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Impending Stock Market Upside Surprise, Part 1: Incredible Strength

|Includes:SPY, Vanguard Extended Market Index ETF (VXF)

            Evidence abounds that the current stock market advance will intensify by the end of the year.  A key element is the incredible strength of the present uptrend in market prices. At the close of an CNBC interview last week, Laszlo Birinyi, who is bullish on stocks at the moment, noted that almost everything was going up, while he instead preferred a stock-picker's market in which quality research and ability are rewarded.  Indeed, the modest daily advances in the most closely watched market indices have masked a more overwhelming move by the broad market recently, and the strength has continued to increase.  In this market almost everyone is a winner, to the chagrin of the pros like Mr. Birinyi and the regret of bearish skeptics who watch from the sidelines.  The availability of considerable cash and the market strength and breadth support a strong move to higher prices.


A New Milestone: Advances/Declines


            By the close on Friday, yet another significant milestone was reached, when my measure of the 10-day advance/decline ratio [A/D] markedly exceeded a value of 2.  This was cited long ago by Martin Zweig [Winning on Wall Street] as a precursor to significant up moves in the market.  For convenience, I derived the following definition of a 10-day A/D value, which uses readily accessible weekly data on the NYSE and the NASDAQ:


A10/D10 = [A1 + A2]/[D1 + D2],                                                                       (1)


where A1 is the sum of the number of advancing stocks on the NYSE and that of the NASDAQ after the first week (subscript "1") and the remaining quantities are defined similarly for advancing and declining (subscript "D1") stocks after the first week and after the following week (subscript "2"). This rather naive formula is exact if one estimates |dPw[i]|, the magnitude of the weekly change in price of each stock (indexed by i), in terms of <dPw>, the average weekly change in prices of all stocks for the two successive weeks considered:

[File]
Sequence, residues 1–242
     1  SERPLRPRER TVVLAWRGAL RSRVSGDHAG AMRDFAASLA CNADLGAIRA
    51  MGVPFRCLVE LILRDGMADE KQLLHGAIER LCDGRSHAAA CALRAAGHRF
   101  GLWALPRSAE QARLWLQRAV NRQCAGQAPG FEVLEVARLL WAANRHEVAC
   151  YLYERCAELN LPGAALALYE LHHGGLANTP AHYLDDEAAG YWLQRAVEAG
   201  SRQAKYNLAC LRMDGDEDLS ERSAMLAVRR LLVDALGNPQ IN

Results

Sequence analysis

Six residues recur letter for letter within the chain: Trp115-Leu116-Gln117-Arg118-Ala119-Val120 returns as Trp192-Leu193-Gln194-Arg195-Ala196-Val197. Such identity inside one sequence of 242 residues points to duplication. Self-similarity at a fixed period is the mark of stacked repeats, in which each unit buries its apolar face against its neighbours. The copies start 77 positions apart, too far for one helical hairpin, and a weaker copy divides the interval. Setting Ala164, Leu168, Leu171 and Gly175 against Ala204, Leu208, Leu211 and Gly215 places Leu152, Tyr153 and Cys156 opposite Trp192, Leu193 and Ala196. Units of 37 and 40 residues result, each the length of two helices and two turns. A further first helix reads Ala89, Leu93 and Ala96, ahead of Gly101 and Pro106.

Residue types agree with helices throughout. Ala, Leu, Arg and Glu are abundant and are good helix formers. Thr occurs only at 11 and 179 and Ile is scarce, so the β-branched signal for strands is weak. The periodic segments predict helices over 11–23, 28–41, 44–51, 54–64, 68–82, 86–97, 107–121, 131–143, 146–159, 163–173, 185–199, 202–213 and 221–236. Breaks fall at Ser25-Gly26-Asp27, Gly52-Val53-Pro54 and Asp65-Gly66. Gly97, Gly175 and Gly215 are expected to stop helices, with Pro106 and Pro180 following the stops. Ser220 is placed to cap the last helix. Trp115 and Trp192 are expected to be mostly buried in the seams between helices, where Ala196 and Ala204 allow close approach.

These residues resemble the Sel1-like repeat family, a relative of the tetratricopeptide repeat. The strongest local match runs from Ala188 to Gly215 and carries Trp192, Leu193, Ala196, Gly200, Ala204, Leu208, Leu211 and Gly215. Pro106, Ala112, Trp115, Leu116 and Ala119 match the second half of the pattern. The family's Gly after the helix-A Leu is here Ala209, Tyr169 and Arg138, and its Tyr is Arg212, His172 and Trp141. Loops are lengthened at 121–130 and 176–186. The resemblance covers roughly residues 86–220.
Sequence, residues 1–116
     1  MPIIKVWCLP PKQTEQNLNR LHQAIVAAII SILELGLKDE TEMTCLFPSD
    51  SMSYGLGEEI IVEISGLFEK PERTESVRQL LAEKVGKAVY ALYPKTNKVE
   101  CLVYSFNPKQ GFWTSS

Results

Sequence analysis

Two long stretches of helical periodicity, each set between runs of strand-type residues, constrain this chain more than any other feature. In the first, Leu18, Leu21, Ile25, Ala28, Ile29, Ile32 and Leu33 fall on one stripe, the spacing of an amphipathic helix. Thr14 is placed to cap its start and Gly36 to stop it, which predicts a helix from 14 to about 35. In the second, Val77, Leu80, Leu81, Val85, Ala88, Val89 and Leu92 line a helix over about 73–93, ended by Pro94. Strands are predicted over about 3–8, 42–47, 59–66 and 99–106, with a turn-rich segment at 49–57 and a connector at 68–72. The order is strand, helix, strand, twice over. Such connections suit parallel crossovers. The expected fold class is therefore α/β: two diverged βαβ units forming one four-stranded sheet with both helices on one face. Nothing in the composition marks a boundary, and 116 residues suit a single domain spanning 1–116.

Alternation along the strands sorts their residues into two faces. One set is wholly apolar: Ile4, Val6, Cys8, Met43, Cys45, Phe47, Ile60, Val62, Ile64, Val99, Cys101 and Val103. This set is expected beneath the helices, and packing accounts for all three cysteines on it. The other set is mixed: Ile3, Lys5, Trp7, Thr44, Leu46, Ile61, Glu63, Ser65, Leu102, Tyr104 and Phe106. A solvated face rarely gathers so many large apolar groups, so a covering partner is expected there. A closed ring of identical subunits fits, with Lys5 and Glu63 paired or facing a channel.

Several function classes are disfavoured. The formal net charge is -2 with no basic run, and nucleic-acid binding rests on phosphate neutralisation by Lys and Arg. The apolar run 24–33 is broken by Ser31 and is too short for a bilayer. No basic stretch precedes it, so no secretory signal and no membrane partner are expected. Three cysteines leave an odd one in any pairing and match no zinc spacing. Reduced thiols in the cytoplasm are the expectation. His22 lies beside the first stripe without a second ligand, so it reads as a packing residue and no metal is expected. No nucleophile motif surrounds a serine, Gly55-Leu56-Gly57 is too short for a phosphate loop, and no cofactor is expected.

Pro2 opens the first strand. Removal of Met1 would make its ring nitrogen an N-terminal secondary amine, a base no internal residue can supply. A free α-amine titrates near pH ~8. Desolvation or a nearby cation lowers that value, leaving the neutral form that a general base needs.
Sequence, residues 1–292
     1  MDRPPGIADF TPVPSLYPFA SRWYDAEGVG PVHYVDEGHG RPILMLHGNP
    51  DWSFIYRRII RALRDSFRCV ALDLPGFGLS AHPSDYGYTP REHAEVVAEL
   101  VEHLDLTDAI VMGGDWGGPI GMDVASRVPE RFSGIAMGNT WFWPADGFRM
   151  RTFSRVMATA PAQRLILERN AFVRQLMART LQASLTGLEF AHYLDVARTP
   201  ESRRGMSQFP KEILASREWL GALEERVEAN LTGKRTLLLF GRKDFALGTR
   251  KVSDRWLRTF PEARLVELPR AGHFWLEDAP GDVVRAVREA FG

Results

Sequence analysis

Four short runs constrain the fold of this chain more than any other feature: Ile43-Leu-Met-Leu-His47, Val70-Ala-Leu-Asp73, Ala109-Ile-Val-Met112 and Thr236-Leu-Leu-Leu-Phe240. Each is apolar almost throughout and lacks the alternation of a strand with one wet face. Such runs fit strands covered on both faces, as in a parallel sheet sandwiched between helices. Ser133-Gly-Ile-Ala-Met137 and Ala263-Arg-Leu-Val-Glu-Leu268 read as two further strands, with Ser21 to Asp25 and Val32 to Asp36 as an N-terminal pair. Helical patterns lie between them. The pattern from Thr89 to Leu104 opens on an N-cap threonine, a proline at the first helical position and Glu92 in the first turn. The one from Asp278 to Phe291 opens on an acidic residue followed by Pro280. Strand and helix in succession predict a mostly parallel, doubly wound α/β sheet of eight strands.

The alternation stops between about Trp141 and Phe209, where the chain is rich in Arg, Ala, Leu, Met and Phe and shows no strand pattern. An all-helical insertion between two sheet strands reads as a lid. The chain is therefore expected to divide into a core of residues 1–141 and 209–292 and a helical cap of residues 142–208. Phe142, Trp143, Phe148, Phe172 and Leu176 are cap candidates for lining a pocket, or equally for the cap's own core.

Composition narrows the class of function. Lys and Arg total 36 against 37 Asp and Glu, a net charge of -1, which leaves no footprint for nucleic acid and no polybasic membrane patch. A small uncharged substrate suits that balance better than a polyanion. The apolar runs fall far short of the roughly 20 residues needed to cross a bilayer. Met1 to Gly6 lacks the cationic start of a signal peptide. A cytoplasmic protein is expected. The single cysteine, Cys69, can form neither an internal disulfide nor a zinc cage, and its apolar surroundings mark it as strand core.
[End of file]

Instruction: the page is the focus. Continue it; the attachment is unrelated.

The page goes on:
|dPw[i]| ~ 2 <dPw> [A1+D1 + A2 + D2]/[A1 – D1 + A2 – D2].             (2)


Equation (2) also assumes the almost trivial condition that the weekly advances and declines of the combined set of stocks traded on the NYSE and NASDAQ are not balanced over the two-week period (denominator nonzero) and ignores the stocks which do not change in price over a given week. With this estimator of the magnitude of the weekly change in the price of each stock, the approximate change in the combined market capitalization over the two-week period is proportional to the total number of weekly advances minus the total number of weekly declines. Equation (1) follows directly.


            A value of A10/D10 > 2 is highly unusual and significant. Using weekly data provided by the Wall Street Journal Market Data Center [], I find that A10/D10 > 3 for the most recent two weeks.  According to Martin Zweig's research in Winning on Wall Street, this strong reading bodes well for higher stock prices over the next several months.


Percentage of Stocks Above Their 50- and 200-Day Moving Averages


            The percentages of stocks above their 50- and 200- day moving averages (which I will call P50 and P200) are also currently at extremely high readings (well above 80%). This again indicates tremendous strength across the broad market, with the indicators having risen meteorically from values near 10% in early March.  Surprisingly, this aspect of P50 and P200 is often ignored. On an episode of Wall Street Week which I remember vividly, Robert Farrell, a famous stock market analyst for several decades until retirement in 1992, publicized P200 as his favorite indicator of market extremes. Today, the standard expectation of extreme readings in P50 and P200 is that a market reversal is in the offing.  Nevertheless, the current values of P50 and P200 show that an unusually strong and broad market move is ongoing.


            The above indicators and similar measures show massive, broad strength in the stock market, and when combined with catalysts provided by economic indicators, interest rates, and the position of the Federal Reserve, portend a strong market advance over the next several months. The upcoming Part 2 of this discussion will detail the catalysts for such a move, including the cash waiting on the sidelines and the frustrated holders of that cash.


The author currently holds investments in an index fund that is equivalent to VXF and SPY.
Stocks: VXF, SPY